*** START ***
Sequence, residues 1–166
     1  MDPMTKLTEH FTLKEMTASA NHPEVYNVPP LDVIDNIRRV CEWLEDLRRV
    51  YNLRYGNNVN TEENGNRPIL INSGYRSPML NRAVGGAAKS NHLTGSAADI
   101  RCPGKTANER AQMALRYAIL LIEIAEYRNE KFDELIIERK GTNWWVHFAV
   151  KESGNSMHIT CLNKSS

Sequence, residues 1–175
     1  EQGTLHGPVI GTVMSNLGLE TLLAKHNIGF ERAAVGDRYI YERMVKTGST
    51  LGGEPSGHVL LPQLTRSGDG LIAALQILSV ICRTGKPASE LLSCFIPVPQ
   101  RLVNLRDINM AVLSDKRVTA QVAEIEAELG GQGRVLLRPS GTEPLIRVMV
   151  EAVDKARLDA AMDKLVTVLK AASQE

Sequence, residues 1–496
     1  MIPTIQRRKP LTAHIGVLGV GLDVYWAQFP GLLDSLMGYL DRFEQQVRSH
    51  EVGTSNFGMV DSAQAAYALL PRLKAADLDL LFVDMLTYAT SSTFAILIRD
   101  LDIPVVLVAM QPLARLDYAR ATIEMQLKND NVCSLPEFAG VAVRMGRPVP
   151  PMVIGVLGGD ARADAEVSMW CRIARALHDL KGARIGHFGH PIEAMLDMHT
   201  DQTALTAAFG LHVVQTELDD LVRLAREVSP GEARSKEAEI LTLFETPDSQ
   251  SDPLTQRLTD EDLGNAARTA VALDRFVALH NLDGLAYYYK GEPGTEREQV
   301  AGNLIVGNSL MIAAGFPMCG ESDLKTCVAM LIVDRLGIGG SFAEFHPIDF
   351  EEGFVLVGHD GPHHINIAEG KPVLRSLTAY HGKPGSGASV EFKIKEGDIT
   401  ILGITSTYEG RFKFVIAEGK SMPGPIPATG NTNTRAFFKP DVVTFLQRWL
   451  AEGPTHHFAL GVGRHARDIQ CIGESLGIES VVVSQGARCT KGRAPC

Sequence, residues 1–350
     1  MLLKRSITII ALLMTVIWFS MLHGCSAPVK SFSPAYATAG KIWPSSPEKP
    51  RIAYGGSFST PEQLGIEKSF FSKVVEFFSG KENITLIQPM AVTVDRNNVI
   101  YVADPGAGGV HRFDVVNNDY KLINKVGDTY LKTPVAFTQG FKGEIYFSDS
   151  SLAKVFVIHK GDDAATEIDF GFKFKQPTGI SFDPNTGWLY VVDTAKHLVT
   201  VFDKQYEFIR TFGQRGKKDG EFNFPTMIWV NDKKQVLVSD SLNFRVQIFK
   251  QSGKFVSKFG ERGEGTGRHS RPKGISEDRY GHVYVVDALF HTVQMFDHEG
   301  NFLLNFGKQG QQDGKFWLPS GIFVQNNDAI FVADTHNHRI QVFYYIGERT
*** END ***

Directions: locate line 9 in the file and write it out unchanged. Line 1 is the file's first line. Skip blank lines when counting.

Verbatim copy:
   101  RLVNLRDINM AVLSDKRVTA QVAEIEAELG GQGRVLLRPS GTEPLIRVMV